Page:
Written by PETA
At the rate victories are rolling in, 2010 is set to be a great year for animals! In addition to a victory for greyhounds, yesterday, online mega-retailer Overstock.com announced that it will no longer sell products made from exotic skins.
Overstock.com Chair and CEO Patrick Byrne made the announcement that his company would remove all listings of items with alligator, lizard, ostrich, stingray, eel, shark, and kangaroo skin from Overstock after he viewed our newest exotic-skins footage and was prompted to make a change for his company, his customers, and animals. "I do not believe that animal skins should be treated as decorative objects," he said.
From decapitated lizards to clubbed alligators, millions of animals suffer each year in the global leather industry, even though there are tons of cruelty-free, chic alternatives to animal skins. You can send a powerful message to those who profit from this cruel industry—and convince other companies to follow in the footsteps of Overstock and H&M—by pledging to shed exotic skins from your wardrobe and by sharing our exposé on Facebook.
Written by Logan Scherer
After reading an article in the Duluth News Tribune about the goings-on at the University of Wisconsin-Madison, I took my dogs, Charlie and Lucy, for a long walk. My brain needed to mull over the angle I'd take in writing this blog—my soul needed to witness happy dogs doing dog things like sniffing tree trunks and greeting strangers, canine and human alike.
The article discussed a lengthy report compiled by government inspectors after a surprise visit last month revealed a filthy facility in which depressed dogs who underwent major invasive surgical procedures were vomiting in their cages and did not receive any veterinary treatment, university personnel did not notice or treat a gerbil who was severely emaciated and struggling to breathe, and staff were inadequately trained to handle primates. The Duluth News Tribune notes, "One major finding is that in five studies, UW-Madison researchers did not show that they tried to find an alternative to painful experiments on animals."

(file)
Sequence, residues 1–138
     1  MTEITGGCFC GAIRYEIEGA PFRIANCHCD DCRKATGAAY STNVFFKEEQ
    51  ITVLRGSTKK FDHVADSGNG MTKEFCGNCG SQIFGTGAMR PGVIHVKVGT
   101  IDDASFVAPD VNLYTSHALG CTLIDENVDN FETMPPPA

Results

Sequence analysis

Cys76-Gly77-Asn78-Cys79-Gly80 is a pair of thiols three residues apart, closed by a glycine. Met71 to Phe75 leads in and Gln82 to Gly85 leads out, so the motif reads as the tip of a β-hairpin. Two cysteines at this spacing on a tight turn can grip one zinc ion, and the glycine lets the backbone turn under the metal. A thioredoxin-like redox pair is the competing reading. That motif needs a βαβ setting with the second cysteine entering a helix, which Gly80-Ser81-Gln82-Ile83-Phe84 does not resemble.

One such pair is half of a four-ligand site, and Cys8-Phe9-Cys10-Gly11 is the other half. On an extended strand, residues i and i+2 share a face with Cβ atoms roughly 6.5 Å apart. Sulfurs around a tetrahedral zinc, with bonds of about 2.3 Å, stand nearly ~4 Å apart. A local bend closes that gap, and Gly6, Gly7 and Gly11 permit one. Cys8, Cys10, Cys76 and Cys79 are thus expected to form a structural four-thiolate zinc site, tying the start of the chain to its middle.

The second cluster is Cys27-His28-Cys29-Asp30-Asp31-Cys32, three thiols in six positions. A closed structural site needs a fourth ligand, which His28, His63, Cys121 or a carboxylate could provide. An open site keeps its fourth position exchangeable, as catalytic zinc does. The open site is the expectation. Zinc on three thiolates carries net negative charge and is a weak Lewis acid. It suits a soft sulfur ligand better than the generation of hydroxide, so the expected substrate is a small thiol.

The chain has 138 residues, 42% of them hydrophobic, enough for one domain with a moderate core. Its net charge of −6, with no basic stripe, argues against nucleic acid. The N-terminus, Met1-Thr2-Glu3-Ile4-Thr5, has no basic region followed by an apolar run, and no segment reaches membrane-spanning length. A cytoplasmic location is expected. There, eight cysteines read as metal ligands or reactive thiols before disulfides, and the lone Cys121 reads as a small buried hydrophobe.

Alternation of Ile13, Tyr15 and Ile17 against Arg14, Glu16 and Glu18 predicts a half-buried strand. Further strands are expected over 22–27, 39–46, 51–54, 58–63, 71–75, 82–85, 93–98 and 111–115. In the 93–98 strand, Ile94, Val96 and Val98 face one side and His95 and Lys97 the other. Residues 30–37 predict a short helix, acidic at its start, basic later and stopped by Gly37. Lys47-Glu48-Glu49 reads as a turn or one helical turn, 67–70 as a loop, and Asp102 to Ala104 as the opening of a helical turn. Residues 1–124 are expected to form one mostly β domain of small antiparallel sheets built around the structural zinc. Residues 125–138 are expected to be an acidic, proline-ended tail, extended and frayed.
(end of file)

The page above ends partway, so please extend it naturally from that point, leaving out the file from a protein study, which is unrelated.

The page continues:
Unfortunately, this kind of treatment happens so frequently in university labs that it is almost routine—as awful as it is to call such horrors "routine." A recent PETA undercover investigation exposed similar cruelty suffered by cats, kittens, and dogs (purchased from local animal shelters), along with monkeys, mice, rats, and other victims of experiments at the University of Utah. At the U, what appears to be incompetence, indifference, and neglect forced many of the animals to endure severe trauma, prolonged suffering, and grisly deaths. Apparently, vivisectors at UW-Madison follow a similar modus operandi in the treatment of the victims of their experiments.
Our fingers are crossed that UW-Madison receives more than a slap on the wrist for these violations. While we keep an eye on the story, take the time to give our fight against laboratory atrocities some muscle by taking action today. Then go hug your own dog and give him or her an extra treat.
Written by Karin Bennett
H&M is an industry leader in all things stylish and cruelty-free—which is why we were thrilled to announce that, because of its recent decision to implement a permanent policy against selling any exotic skins, including those of snakes, alligators, crocodiles, lizards, ostriches, and other animals, H&M is the recipient of our Company of the Year Proggy Award. H&M's announcement to no longer sell exotic skins came after we sent a copy of our new exposé to the universally loved retailer. (Seriously, H&M is like apparel candy: affordable and deliciously fashionable, and I don't know anyone who doesn't love them.)
Many animals who are stripped of their skin for fashion are skinned alive and then tossed onto a pile where they writhe in pain until they succumb to shock or dehydration. Some animals live in agony for up to four days after they lose their flesh. H&M's new policy sends the message that kindness is always chic. Follow this company's lead: Take our pledge and declare that the only skin you'll ever wear is your own.
Written by Logan Scherer
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Almost all of us grew up eating meat, wearing leather, and going to circuses and zoos. We never considered the impact of these actions on the animals involved. For whatever reason, you are now asking the question: Why should animals have rights? Read more.